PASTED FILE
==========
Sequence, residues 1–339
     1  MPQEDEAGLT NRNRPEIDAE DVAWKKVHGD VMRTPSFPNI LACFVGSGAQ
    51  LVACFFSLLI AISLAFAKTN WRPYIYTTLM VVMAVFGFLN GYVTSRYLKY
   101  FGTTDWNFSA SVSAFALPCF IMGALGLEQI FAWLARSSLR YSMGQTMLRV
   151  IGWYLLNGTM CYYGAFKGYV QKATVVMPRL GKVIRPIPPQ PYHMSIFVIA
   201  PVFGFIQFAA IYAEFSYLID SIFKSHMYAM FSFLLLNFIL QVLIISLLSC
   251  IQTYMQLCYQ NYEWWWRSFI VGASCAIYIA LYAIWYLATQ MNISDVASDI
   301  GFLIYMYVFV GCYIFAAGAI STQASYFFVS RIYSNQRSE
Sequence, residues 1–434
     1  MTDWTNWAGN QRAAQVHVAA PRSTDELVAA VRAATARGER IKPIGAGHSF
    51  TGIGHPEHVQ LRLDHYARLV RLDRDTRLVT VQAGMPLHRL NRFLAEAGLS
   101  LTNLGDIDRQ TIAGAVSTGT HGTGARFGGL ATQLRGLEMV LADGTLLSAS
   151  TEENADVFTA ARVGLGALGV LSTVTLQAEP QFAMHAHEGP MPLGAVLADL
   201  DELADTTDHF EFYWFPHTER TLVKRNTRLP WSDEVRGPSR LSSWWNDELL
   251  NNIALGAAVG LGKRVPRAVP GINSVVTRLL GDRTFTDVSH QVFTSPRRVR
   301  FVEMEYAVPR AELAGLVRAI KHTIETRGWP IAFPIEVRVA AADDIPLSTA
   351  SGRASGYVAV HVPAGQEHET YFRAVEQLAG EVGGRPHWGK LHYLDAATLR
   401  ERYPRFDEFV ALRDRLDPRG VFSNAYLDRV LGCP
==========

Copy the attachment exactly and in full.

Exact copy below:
Sequence, residues 1–339
     1  MPQEDEAGLT NRNRPEIDAE DVAWKKVHGD VMRTPSFPNI LACFVGSGAQ
    51  LVACFFSLLI AISLAFAKTN WRPYIYTTLM VVMAVFGFLN GYVTSRYLKY
   101  FGTTDWNFSA SVSAFALPCF IMGALGLEQI FAWLARSSLR YSMGQTMLRV
   151  IGWYLLNGTM CYYGAFKGYV QKATVVMPRL GKVIRPIPPQ PYHMSIFVIA
   201  PVFGFIQFAA IYAEFSYLID SIFKSHMYAM FSFLLLNFIL QVLIISLLSC
   251  IQTYMQLCYQ NYEWWWRSFI VGASCAIYIA LYAIWYLATQ MNISDVASDI
   301  GFLIYMYVFV GCYIFAAGAI STQASYFFVS RIYSNQRSE
Sequence, residues 1–434
     1  MTDWTNWAGN QRAAQVHVAA PRSTDELVAA VRAATARGER IKPIGAGHSF
    51  TGIGHPEHVQ LRLDHYARLV RLDRDTRLVT VQAGMPLHRL NRFLAEAGLS
   101  LTNLGDIDRQ TIAGAVSTGT HGTGARFGGL ATQLRGLEMV LADGTLLSAS
   151  TEENADVFTA ARVGLGALGV LSTVTLQAEP QFAMHAHEGP MPLGAVLADL
   201  DELADTTDHF EFYWFPHTER TLVKRNTRLP WSDEVRGPSR LSSWWNDELL
   251  NNIALGAAVG LGKRVPRAVP GINSVVTRLL GDRTFTDVSH QVFTSPRRVR
   301  FVEMEYAVPR AELAGLVRAI KHTIETRGWP IAFPIEVRVA AADDIPLSTA
   351  SGRASGYVAV HVPAGQEHET YFRAVEQLAG EVGGRPHWGK LHYLDAATLR
   401  ERYPRFDEFV ALRDRLDPRG VFSNAYLDRV LGCP